STATA Comparison of Means Module: the t-tests


This module will provide an overview of how to run t-tests (comparison of mean tests) in STATA.  In doing so, this module steps you through the process of running a t-test, including testing for the assumptions underlying the various t-tests.  This module will use data on randomly sampled loblolly pines in Thomas County, Georgia (Moore, McCabe and Craig, 2009). This STATA software module will NOT be covered on the Diagnostic Exam (although you should understand comparison of means tests).


Goals of the Module


1.  Conduct a one-sample t-test using STATA software package.

2.  Conduct a two independent sample t-test using STATA software with equal variance.

3.  Interpret results of the t-tests, including the p-value.

4.  Interpret confidence intervals associated with t-tests.

5.  Understand the differences between one-sided and two-sided tests.

6.  Understand and test the assumptions underlying the t-test.


Exercise 1: One Sample Mean Comparison Test, Two-Sided Test


Question of Interest:  It was reported that the average DBH of loblolly pines in southeast Georgia is 35 centimeters.  Is there evidence that the average DBH of loblolly pines in the Wade tract A is different from this reported average for southeast Georgia?

First, before any analysis, we set up our null and alternative hypotheses.


Ho:  μ = 35 centimeters

Ha:  μ ≠ 35 centimeters


We established the hypotheses this way because we are interested in if there is a DIFFERENCE between the DBH of the trees and 35 centimeters.  Therefore, we conduct a two-sided, one-sample test.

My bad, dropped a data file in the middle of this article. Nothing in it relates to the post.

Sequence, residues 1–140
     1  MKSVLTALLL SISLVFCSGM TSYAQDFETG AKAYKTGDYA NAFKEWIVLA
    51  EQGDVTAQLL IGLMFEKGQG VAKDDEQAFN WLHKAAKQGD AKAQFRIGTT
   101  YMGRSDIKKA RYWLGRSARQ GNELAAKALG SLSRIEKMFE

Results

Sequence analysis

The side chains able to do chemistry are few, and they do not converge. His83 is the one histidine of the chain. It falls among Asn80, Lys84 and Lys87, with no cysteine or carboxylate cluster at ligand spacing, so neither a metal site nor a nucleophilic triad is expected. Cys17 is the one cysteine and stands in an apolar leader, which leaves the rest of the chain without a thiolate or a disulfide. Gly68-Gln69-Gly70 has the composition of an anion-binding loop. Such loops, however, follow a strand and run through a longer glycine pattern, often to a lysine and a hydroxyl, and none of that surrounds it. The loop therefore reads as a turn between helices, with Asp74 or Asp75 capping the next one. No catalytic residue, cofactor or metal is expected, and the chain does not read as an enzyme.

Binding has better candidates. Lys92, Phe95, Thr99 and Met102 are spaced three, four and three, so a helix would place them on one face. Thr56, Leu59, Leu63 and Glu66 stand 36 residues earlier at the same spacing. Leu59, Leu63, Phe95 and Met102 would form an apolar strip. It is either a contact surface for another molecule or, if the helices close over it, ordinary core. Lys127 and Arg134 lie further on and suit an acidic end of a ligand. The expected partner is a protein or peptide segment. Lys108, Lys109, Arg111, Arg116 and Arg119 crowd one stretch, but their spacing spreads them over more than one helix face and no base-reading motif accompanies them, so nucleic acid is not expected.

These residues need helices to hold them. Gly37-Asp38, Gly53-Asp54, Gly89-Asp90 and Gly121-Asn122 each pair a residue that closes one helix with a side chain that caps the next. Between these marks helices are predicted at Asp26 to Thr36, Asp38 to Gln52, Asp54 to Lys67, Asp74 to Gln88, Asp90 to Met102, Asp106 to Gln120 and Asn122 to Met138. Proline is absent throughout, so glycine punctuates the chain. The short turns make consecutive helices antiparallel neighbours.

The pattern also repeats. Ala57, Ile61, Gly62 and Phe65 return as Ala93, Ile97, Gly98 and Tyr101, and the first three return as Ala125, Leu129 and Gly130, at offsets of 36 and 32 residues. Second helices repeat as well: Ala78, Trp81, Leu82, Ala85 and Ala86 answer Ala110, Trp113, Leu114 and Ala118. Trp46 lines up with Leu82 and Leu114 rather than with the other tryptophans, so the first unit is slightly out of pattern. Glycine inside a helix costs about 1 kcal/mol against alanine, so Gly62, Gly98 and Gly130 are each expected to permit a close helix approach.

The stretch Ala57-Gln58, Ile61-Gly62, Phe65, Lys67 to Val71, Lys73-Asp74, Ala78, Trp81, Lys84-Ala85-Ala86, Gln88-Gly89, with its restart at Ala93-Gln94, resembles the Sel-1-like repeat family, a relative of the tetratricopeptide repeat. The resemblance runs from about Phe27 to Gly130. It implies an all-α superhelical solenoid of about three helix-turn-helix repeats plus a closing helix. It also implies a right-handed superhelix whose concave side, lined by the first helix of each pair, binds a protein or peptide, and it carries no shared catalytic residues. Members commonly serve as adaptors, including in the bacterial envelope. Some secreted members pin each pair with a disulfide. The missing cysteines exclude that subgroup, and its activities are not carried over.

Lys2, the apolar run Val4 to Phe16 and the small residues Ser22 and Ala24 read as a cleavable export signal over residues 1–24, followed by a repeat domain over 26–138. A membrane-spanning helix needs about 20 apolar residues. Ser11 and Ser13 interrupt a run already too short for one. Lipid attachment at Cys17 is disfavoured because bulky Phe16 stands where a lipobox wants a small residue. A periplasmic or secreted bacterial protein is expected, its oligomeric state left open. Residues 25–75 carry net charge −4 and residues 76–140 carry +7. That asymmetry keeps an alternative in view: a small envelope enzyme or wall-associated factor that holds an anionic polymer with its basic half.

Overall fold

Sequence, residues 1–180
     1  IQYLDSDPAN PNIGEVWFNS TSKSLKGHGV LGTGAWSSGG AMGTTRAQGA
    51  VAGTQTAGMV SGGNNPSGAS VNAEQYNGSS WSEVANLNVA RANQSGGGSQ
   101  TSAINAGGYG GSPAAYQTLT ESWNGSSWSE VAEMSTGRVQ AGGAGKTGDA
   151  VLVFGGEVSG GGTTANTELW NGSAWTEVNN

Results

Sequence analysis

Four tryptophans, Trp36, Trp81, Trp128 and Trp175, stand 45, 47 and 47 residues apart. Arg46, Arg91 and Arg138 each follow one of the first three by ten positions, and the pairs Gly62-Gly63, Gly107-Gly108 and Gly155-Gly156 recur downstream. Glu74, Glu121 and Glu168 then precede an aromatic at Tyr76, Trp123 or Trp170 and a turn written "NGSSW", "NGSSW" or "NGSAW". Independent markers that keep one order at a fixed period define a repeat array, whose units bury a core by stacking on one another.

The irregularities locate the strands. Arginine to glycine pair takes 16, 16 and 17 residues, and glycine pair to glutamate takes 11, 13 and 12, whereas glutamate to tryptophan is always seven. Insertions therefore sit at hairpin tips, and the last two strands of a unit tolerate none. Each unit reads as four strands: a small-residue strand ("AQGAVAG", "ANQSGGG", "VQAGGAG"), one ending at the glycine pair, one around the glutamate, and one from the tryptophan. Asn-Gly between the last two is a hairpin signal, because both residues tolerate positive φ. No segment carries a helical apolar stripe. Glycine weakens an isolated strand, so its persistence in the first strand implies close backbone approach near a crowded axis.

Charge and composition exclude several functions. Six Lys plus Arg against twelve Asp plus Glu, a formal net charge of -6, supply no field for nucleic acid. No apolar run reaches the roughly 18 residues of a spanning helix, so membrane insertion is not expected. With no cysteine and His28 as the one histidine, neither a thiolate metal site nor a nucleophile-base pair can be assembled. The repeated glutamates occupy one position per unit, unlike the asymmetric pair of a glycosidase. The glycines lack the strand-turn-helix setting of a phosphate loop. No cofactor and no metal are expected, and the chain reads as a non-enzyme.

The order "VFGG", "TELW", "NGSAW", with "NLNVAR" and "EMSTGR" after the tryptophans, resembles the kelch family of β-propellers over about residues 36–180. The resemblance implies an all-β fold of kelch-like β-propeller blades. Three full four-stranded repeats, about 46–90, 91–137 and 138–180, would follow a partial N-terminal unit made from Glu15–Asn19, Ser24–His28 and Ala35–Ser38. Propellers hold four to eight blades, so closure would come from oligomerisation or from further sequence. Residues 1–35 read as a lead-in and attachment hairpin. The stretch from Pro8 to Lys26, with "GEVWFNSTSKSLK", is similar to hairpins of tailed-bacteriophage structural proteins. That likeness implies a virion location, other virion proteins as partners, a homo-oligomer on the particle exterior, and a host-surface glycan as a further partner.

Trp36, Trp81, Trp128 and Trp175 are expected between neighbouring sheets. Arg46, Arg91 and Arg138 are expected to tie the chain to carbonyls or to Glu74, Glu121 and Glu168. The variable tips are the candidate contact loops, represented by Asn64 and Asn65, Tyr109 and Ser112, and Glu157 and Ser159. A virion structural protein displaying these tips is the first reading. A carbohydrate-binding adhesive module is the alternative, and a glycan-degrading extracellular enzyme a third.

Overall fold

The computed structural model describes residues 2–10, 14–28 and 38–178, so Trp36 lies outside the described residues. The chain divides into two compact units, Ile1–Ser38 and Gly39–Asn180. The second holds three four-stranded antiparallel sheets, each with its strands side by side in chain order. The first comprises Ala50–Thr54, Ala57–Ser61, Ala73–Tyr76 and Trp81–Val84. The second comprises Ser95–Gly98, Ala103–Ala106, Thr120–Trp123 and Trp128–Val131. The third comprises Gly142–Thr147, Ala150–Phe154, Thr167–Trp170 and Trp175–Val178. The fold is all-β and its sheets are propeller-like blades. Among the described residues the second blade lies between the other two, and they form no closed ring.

Assumptions of the One-Sample Comparison of Means Test


The one-sample t-tests are based on a set of assumptions.  In order for our results to be valid, the assumptions of the t-tests should be met.  We make assumptions about the POPULATION, but test the assumptions with our sample data.


1.  We assume that the population of DBH measurements of trees in Wade tract A in Georgia is normally distributed.  We need to test this assumption with our sample data.  To do so, you may develop a histogram, boxplot and/or a quantile-normal plot.


2.  We also assume that the DBH measurements are independent.  This assumption may be met through the process of simple random sampling.  The presence of spatial autocorrelation (i.e., a relationship between where the tree is located in space and its DBH measurement) would suggest that independence assumption does not hold.  We do not know where these trees are located in space and therefore, based on simple random sampling, we will assume independence among measurements.


Step-by-Step STATA Guidance

One-Sample Test


The following section will walk you through the steps of conducting a one-sample mean comparison test in STATA.

1.  Download the loblolly.dta file from Sakai and place in your working directory.  Don’t forget to change your working directory in Stata (command:  cd).

2.  Be sure to start a log file (command:  log using labweek3.log).

3.  Open loblolly.dta (File→ Open).   Look at the data with Data-> Data Editor -> Data Editor (Browse).




4.  You may want to put the commands from today’s labs in a .do file so you have them for your future assignments.